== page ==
Ah yes. This tweet from @badjournalism links to one of those rather nasty Facebook groups that have sprouted up like smelly mushrooms all over the place. It's called - and I think the capital letters are important - YOU'RE IN OUR COUNTRY SO SPEAK OUR F*CKING LANGUAGE. You know the kind of thing. Sometimes you see people you vaguely know - wives of second cousins, or people who know someone you used to work with, whom you met once at a party and thought were vaguely humorous - joining these groups, and you think, Jesus, really?
It's the age-old 'them and us' terminology. "You're" in "our" country... I wonder if these are the kind of folk who would follow through this logic to its natural conclusion - speaking Welsh if they ever popped over to Cardiff, for example, or learning any Spanish other than DOSS KERVEZZOS MATE when on holiday in Eye-beef-ah - or whether they'd just carry on blaring away in English as loudly as possible, getting more and more irate with someone who didn't understand every thundering word of Essex-twanged* English?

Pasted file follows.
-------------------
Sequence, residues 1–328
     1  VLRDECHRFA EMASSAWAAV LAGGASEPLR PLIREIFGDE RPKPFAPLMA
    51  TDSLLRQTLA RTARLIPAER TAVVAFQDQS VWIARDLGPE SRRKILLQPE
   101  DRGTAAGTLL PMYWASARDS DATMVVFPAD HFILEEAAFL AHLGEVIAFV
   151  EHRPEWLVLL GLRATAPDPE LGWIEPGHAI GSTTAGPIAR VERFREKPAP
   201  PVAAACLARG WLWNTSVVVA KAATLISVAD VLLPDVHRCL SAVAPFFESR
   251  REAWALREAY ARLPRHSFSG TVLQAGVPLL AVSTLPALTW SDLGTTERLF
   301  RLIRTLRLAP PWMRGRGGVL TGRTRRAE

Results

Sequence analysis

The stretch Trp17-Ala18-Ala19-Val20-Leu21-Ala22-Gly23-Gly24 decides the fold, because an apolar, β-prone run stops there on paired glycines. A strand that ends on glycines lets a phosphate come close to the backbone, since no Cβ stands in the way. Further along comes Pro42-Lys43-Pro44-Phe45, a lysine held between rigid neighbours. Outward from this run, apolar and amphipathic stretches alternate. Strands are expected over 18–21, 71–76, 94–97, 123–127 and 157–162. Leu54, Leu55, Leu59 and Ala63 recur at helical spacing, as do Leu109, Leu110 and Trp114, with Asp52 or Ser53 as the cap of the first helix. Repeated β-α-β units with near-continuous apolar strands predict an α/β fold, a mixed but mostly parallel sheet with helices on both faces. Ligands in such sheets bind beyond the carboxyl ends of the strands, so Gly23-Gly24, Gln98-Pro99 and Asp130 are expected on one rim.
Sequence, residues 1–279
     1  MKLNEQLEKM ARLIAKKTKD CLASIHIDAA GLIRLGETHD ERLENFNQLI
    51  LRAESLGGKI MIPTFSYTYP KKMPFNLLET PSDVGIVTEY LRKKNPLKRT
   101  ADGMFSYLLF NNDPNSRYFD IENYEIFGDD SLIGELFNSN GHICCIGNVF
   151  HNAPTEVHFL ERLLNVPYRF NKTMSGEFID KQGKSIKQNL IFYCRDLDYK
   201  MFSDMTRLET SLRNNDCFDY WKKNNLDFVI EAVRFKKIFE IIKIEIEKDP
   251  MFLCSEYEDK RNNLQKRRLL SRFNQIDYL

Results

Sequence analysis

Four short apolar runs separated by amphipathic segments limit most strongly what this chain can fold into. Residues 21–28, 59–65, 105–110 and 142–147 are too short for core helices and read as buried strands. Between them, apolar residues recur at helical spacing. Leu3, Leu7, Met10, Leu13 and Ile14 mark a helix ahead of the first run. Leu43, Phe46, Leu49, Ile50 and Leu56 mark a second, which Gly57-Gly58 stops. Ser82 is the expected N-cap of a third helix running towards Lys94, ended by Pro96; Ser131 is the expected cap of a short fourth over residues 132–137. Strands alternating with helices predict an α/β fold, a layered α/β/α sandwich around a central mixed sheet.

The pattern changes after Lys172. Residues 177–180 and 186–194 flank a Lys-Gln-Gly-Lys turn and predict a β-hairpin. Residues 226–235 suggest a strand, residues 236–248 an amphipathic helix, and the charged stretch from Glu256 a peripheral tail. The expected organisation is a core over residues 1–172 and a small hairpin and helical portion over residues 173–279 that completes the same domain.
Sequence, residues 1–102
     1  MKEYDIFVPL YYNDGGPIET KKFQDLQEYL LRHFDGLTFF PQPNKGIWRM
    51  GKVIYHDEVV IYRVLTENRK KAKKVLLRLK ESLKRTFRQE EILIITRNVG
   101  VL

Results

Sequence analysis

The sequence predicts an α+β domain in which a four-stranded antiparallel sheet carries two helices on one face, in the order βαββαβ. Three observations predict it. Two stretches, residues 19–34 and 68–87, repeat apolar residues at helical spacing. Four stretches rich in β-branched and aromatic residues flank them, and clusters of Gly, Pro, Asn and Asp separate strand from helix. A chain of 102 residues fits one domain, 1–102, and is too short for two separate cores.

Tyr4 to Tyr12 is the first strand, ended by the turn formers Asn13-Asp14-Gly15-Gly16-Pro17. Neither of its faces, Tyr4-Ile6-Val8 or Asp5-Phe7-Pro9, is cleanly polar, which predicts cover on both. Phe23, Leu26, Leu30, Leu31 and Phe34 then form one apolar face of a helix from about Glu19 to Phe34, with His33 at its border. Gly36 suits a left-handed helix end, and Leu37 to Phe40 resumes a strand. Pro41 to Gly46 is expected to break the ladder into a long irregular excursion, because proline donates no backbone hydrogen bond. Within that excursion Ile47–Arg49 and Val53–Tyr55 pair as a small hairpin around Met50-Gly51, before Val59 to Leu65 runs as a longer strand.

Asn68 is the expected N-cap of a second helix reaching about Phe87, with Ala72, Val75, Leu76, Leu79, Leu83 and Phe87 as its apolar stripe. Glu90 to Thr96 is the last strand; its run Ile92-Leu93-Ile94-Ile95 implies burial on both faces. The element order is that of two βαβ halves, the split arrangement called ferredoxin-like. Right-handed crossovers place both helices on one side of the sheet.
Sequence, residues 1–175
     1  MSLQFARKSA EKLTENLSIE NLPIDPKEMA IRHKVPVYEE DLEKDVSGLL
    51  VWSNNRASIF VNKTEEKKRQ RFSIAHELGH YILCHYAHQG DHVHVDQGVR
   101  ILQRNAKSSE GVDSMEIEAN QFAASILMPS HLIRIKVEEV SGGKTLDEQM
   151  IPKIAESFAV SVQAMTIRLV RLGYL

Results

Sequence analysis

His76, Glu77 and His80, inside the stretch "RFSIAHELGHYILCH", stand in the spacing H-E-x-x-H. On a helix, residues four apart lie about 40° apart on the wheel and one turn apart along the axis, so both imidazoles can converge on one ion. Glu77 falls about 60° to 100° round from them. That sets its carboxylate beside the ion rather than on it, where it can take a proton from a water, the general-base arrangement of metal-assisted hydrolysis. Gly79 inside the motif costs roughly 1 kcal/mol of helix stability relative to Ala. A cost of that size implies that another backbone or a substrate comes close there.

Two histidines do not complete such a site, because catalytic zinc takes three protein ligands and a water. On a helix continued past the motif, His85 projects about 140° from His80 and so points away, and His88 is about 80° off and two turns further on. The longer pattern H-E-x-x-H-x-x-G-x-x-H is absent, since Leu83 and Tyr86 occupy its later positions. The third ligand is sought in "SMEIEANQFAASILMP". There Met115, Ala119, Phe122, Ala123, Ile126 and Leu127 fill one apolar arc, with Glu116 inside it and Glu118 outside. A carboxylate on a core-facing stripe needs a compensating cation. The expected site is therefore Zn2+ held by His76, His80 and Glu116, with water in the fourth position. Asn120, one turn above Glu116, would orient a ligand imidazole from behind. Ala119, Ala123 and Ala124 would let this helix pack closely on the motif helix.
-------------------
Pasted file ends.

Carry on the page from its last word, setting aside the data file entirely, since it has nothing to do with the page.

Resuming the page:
You can link it with the idea people have that the English are somehow some kind of pure-bred race, the so-called 'indigenous' population. English is a mongrel language, ever-changing and adapting, which is what makes it so successful. I'd argue that's what makes Britain, or England, so successful also: the ability to absorb and incorporate other languages, and other cultures.
Like immigrants entering the country, loan-words enter the language, and become a great success. Do the members of this Facebook group never talk about bungalows, chutney, ginger or kebabs? Or do they use those words and have no idea where they might come from? Or don't they care? Maybe it's a "some of my favourite words come from abroad" kind of an attitude; I don't know.
The country belongs to everyone, as far as I'm concerned. It's no more 'mine' than it is anyone else's. And as far as words go, the more new ones that arrive, the greater our beautiful language will be enriched. You're in our country, do what you bloody well like. Just make sure you don't spend too much time reading the rubbish written by the twats on that Facebook group, or you'll get the wrong idea about English people.
* I've got nothing against the fine people of Essex. It's just an example. Although I did once have an unpleasant evening in Hornchurch. Not that anyone's ever had a good one, I'll wager.